One of the many traditions of the West Virginia State Folk Festival is recognizing County Belles. Each county selects a Belle – a woman from the community who embodies the spirit of their area and that of a pioneer woman – who will represent the county at the annual festival held in Glenville.
The 2022 Pocahontas County Belle is Ruth Taylor, of Hillsboro, a lady who has a deep love for her county and the traditions for which it is known.
Ruth is a native of Hillsboro and traces her lineage back to the foundation of Pocahontas County in 1821.
“I’ve traced my mother’s family – eight different lines of them – back to the beginning of the county,” she said. “Information about Dad’s family was a little harder. He was from up in the Thornwood/Cass area. I haven’t done very well with tracing some of his ancestry. [He was a] Wymer and my mother was a Harper. I’m descended from the Baxters, Barlows, Harpers and Lightners.”
Ruth and her husband, Bob, owned and operated Taylor’s Grocery and Service Station in Hillsboro for years, but she also held jobs in tourism, pioneering many programs that have benefited the county.
“I got involved when Reon Lambert was doing a tourism/hospitality class,” she said. “He lacked one person of having ten to be able to hold the class, and he came to the store and convinced me to go to the class. Then they asked me to conduct the next one. Then, some of the state people had me come in and work all over the state, sharing hospitality information.
“That’s when we decided to do the hotel/motel tax,” she continued. “I took on the county commission to get it done. I was working for Dr. Brigham at the spa at Snowshoe at the time, and I told him what we were planning to do and he said, ‘I don’t agree with you, but go for it.’”
Go for it she did and now the county receives millions of dollars in hotel/motel tax money which goes back into the community.
There’s not much Ruth can’t accomplish once she sets her mind to it. She is a founding member of the Pocahontas County Convention and Visitors Bureau, was the first female president of the West Virginia Association of Fairs and Festivals and was inducted into the WVAFF Hall of Fame in 2017.
She has also been a member of the Pearl S. Buck Birthplace board of directors, Pocahontas County Board of Education, West Virginia Hospitality and Travel Association, Pocahontas County Opera House Board and Pocahontas County Historical Landmarks Commission.
Ruth is also a member of the Pocahontas County Bicentennial Commission, Pocahontas County Dramas, Fairs and Festivals board, Hillsboro Senior Citizens and Oak Grove Presbyterian Church.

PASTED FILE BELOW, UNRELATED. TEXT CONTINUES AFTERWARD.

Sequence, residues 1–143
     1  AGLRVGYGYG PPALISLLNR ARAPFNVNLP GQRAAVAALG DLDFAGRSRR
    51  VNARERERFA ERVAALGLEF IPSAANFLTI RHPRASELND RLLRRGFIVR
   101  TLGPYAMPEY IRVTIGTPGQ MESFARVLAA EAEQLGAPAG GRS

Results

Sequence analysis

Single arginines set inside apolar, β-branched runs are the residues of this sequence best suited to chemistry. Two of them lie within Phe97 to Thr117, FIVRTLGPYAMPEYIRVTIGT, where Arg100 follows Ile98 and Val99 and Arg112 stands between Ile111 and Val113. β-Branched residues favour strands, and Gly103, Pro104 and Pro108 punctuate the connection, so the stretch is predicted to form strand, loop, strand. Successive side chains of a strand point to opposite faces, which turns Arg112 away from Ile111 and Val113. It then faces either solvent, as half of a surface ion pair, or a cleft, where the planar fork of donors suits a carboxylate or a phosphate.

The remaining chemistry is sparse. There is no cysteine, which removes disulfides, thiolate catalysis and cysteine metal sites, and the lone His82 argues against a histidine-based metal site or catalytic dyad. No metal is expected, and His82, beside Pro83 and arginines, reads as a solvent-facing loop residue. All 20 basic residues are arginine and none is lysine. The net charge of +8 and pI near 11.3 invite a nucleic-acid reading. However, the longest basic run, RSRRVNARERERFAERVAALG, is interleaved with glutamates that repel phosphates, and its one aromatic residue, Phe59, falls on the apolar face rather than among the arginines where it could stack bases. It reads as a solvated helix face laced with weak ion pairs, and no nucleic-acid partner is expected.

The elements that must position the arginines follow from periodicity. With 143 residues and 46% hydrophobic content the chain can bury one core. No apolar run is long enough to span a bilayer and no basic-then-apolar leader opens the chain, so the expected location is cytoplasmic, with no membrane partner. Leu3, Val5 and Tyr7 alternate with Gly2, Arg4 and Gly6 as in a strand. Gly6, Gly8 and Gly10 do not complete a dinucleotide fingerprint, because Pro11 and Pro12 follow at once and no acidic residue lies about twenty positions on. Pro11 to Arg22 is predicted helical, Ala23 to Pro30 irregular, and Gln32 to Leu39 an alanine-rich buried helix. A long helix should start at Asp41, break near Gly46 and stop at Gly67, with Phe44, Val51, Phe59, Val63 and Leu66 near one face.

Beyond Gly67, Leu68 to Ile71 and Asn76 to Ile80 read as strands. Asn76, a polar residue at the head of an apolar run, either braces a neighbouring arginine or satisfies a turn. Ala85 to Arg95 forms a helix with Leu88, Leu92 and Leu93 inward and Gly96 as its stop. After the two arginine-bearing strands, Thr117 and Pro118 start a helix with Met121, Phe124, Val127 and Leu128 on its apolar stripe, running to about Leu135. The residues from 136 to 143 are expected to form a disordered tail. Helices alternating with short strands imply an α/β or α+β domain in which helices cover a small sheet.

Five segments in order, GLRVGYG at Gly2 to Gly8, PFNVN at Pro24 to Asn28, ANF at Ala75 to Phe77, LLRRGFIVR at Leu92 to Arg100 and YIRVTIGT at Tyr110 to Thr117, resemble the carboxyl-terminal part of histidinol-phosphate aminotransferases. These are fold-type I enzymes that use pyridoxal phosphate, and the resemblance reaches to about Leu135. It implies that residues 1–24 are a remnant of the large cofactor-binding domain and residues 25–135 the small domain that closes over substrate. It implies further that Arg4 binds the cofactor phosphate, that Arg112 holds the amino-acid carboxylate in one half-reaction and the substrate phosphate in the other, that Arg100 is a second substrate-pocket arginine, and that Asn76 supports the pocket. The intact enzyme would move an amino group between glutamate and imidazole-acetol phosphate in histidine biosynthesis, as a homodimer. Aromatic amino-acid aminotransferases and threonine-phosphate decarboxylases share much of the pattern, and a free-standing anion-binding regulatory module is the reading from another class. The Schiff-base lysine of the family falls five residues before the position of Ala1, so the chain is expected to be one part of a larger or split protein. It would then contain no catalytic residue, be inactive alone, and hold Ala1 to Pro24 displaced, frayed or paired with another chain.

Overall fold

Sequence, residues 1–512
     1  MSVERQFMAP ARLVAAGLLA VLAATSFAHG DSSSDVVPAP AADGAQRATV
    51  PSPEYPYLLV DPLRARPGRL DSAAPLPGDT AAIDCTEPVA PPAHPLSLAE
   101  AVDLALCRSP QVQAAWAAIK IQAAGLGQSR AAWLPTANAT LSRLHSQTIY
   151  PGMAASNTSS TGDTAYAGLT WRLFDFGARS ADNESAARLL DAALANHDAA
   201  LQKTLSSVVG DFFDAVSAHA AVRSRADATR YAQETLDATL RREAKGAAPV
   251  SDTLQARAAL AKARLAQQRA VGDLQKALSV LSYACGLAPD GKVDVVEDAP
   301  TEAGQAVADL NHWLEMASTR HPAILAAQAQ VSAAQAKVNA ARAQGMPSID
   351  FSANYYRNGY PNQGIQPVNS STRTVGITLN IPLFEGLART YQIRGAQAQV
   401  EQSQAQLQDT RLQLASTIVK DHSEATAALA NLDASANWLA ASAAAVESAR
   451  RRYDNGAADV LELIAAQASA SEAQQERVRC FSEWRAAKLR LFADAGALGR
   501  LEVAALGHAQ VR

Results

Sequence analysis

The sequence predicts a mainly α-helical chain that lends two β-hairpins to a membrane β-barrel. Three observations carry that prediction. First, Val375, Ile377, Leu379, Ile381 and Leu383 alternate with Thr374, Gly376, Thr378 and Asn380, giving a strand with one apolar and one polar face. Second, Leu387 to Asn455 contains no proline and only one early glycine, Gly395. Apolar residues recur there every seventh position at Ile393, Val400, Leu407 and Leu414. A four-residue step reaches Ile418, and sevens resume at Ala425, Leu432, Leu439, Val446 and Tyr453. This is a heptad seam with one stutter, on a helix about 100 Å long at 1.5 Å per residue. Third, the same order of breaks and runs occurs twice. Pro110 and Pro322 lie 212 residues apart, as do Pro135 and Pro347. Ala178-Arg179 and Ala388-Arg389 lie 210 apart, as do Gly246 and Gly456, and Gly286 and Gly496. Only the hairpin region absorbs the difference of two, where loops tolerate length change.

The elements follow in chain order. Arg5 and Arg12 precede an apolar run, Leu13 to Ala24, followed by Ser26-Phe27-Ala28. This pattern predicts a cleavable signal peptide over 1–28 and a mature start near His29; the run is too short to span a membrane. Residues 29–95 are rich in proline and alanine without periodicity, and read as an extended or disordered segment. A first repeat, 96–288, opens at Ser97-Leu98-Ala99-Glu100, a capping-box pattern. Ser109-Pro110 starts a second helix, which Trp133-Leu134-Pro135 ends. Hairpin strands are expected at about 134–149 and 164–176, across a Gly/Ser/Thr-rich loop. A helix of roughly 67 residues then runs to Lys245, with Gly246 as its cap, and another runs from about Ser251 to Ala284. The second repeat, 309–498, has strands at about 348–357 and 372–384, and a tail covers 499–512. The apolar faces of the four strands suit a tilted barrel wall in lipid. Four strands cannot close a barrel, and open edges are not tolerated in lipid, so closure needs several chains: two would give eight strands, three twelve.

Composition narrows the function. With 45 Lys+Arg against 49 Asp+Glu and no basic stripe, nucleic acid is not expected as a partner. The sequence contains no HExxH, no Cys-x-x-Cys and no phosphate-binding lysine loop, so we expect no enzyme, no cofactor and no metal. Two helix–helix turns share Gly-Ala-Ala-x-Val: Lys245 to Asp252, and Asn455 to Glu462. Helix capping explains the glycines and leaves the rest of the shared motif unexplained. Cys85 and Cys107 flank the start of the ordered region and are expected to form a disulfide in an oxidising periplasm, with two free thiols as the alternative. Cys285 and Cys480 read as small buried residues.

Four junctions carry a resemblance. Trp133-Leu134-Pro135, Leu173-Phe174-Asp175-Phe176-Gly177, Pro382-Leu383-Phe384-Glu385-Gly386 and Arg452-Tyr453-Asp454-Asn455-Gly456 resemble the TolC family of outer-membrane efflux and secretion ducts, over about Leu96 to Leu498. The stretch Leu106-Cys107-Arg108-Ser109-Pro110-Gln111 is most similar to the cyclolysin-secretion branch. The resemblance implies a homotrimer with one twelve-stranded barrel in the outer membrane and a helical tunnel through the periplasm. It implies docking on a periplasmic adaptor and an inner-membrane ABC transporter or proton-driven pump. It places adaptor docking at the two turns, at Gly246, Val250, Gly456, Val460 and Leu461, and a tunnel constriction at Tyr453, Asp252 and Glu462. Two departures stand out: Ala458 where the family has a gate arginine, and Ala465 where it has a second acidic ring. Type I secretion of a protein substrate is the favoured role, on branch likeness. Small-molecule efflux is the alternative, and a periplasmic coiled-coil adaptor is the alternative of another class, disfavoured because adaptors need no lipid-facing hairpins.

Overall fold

Some of her accomplishments include being named the first Pocahontas County Tourism Person of the Year in 2014 and the winner of the 2021 Pocahontas County Liars contest – a title she plans to defend at Pioneer Days this year.
Ruth was named the Pocahontas County Belle three weeks before the Folk Festival, and she attended the festival in Glenville June 16-19.
Part of being a Belle is the dress. The ladies are asked to dress in period costumes reminiscent of bygone days.
Ruth’s dress is a chocolate brown underskirt with a pale green bustle, adorned with white lace sleeves.
“A Mennonite lady in Renick’s Valley made it,” she said.
As any proper lady would, Ruth accessorized the dress with a white lace sun hat and white gloves. The outfit was completed with a sash, identifying her as the “Pocahontas County Belle.”
This year, there were 14 Belles, and they spent the weekend enjoying the festival and each other’s company.
“We were a nice small group,” she said. “We had a lady bus driver who was our chaperone, and she was absolutely fantastic. She was so much fun. I had a good time. The ladies were all fun. Everybody there couldn’t have been any nicer or more hospitable.”
The Belles spent a lot of time together and found it easier to remember each other’s counties rather than names.
“We called each other by our county name because it was on the sash where you could see it,” Ruth said, laughing.
One of the highlights of the weekend was the parade, which the Belles led through the town of Glenville.
“That was the fun thing,” Ruth said. “The little kids would run out and hug you and wanted their pictures made with you. We walked and the Little Belles walked behind us. They had a float for the past Belles.”
The weekend was filled with arts, crafts, live music and delicious meals.
The Junior Belles are girls who are in the third or fourth grade and are members of their local 4-H group. They also dress in period costumes like the Belles and spend the weekend at the festival.
On Sunday morning, the Belles attended a church service at a restored log church called Job’s Temple.
Ruth enjoyed the experience so much she plans to return next year to join the former Belles on their float.
“I would encourage anybody to go if they are asked,” she said. “It was really fun.”
Ruth was sponsored by the Pocahontas County CEOS and Pioneer Days Association.
Watch for our Pocahontas Belle in the Pioneer Days Grand Parade Saturday, July 9, at 2 p.m. in Marlinton.